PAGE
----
Stocks end mixed as investors worry about economy

Published 11:49 pm Thursday, October 23, 2008

NEW YORK (AP) — Wall Street spent another session buffeted by volatility Thursday, closing mixed after investors wrestled with their fears about the economy but also looked for bargains after two days of selling. While the Dow Jones industrials and Standard & Poor’s 500 index rose sharply, a downdraft in tech stocks left the Nasdaq composite index with a loss.

Buying came in spurts and then often quickly evaporated as investors fretted that the economy is either in a recession or headed for one. A two-day selloff that sliced nearly 750 points from the Dow drew some investors back into the market, but they gravitated largely toward big-name stocks seen as safer bets.

‘‘I think that people feel that it’s got to stop sliding someplace and they’re looking basically for bargains,’’ said Scott Fullman, director of derivatives investment strategy for WJB Capital Group in New York. ‘‘The analogy I’m using right now is that you can buy a BMW at Toyota prices. But there is still concern that better bargains can be had.’’

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With its gyrations, Wall Street is living up to predictions that trading will remain volatile as investors try to test whether the market has formed a bottom.

Manny Weintraub, president of Integre Advisors in New York, said that several of the market’s attempts to rally have been short-circuited by sellers who had awaiting an opportunity to cash out and that some investors looking to snap up inexpensive stocks are worried about getting burned by further declines.

‘‘A lot of bargain hunters came in last week and now that money has been spent and they can’t hunt twice,’’ he said.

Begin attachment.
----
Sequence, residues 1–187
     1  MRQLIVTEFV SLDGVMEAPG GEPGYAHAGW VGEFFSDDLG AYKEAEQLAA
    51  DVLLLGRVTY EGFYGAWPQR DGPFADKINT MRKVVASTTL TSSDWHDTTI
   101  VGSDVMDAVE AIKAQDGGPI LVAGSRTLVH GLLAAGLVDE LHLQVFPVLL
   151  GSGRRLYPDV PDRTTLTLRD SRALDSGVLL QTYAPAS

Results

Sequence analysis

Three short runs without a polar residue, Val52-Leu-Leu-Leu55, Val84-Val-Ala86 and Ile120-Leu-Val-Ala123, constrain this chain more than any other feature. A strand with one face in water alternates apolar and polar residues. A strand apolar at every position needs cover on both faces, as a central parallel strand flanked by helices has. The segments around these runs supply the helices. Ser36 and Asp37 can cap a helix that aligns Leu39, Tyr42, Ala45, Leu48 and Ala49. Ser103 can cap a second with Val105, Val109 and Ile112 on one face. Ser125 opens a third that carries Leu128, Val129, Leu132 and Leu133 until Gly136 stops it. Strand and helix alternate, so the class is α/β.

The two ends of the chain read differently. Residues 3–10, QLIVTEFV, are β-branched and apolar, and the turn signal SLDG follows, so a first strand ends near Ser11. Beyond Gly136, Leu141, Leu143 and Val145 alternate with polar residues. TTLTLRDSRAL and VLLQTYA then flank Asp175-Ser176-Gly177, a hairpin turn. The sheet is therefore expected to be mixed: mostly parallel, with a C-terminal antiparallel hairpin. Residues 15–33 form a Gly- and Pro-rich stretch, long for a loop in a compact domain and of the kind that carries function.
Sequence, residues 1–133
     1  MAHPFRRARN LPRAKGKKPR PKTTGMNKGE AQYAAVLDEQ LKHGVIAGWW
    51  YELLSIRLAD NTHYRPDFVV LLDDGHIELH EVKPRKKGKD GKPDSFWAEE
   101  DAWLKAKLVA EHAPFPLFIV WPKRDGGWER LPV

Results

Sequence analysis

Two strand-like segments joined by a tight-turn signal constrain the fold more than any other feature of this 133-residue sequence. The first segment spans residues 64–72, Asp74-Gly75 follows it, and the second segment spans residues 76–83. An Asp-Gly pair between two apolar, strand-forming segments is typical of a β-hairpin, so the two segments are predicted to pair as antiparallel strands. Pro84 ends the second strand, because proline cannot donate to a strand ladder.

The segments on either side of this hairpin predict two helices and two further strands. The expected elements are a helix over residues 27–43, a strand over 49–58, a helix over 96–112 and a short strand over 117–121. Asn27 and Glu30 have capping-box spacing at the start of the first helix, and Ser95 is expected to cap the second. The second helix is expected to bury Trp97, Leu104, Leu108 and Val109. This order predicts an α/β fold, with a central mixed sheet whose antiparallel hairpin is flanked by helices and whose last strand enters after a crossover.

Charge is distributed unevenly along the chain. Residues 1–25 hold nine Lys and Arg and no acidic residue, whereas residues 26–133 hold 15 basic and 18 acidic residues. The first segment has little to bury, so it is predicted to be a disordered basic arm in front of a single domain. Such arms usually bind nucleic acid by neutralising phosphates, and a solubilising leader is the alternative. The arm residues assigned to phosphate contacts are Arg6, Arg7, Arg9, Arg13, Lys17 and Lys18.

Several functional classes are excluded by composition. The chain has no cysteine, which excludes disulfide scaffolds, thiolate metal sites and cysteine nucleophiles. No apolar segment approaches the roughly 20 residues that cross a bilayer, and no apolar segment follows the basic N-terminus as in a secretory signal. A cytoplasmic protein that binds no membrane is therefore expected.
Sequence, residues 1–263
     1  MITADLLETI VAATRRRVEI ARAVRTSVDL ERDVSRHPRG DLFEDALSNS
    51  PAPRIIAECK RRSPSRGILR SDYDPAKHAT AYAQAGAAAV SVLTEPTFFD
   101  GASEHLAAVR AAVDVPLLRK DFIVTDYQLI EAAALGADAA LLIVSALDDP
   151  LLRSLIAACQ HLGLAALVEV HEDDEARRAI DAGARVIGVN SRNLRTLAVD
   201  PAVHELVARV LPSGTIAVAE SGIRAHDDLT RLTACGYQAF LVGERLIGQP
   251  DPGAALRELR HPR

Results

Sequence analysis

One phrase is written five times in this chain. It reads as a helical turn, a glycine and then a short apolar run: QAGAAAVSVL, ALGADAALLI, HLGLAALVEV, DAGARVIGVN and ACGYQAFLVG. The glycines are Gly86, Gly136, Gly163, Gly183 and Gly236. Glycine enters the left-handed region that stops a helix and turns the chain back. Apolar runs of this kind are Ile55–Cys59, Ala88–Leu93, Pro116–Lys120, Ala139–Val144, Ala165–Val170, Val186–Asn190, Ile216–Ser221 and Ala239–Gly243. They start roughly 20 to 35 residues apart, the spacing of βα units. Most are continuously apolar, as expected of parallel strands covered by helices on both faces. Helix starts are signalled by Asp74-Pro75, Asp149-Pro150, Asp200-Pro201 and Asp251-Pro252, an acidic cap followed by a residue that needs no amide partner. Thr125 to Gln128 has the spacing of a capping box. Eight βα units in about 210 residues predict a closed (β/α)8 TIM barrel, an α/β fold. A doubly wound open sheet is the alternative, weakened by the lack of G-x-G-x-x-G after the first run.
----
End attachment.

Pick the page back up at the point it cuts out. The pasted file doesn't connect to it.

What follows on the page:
Wall Street’s jitters came as investors tried to extract clues about where the economy is headed from a mix of corporate news.

Goldman Sachs Group Inc. is preparing to cut about 10 percent of its work force, according to a person briefed on the plan who requested anonymity because the company hadn’t publicly disclosed details of the plan. Meanwhile, Inc. lowered its revenue guidance for the year amid a weakening economy. Drugmaker Eli Lilly and Co. said it recorded a loss for the third quarter after booking a write-down of almost $1.5 billion for an expected settlement of an investigation into the marketing of its top-selling drug, Zyprexa. Dow Chemical Co. said its quarterly profit rose 6 percent, helped by price hikes that offset a nearly 50 percent increase in raw materials and energy costs.

A snapshot of the labor market signaled highlighted one of investors’ worries about the fragility of the economy. The Labor Department reported Thursday that new applications for unemployment benefits rose 15,000 last week to a seasonally adjusted 478,000. That was slightly above analysts’ estimates of 470,000. Jobless claims above 400,000 are considered a sign of recession. A year ago, claims stood at 333,000, the department said. Analysts caution, however, that the weekly readings can be volatile.

Investors viewed the data as more evidence that the financial crisis is battering the economy and forcing companies to cut back. The reports are helping exacerbate big swings in the market.

Thomas J. Lee, U.S. equities strategist at JPMorgan Chase & Co. in New York, cautioned that Wall Street will need to rein in its sharp swings before some investors will feel confident enough to return.

‘‘I don’t think anyone can buy and sell stocks right now with conviction,’’ he said.

According to preliminary calculations, the Dow rose 172.04, or 2.02 percent, to 8,691.25, after rising 277 points and falling by 276 points during the session. On Wednesday, the Dow lost 514 points as investors worried that the global economy is poised to weaken. That was on top of a 231-point loss Tuesday.

Broader stock indicators were mixed Thursday. The Standard & Poor’s 500 index rose 11.33, or 1.26 percent, to 908.11, and the Nasdaq composite index fell 11.84, or 0.73 percent, to 1,603.91.

The Russell 2000 index of smaller companies fell 12.05, or 2.40 percent, to 489.92.

While the major indexes were mixed, declining issues outnumbered advancers by about 5 to 3 on the New York Stock Exchange, where volume came to 1.7 billion shares.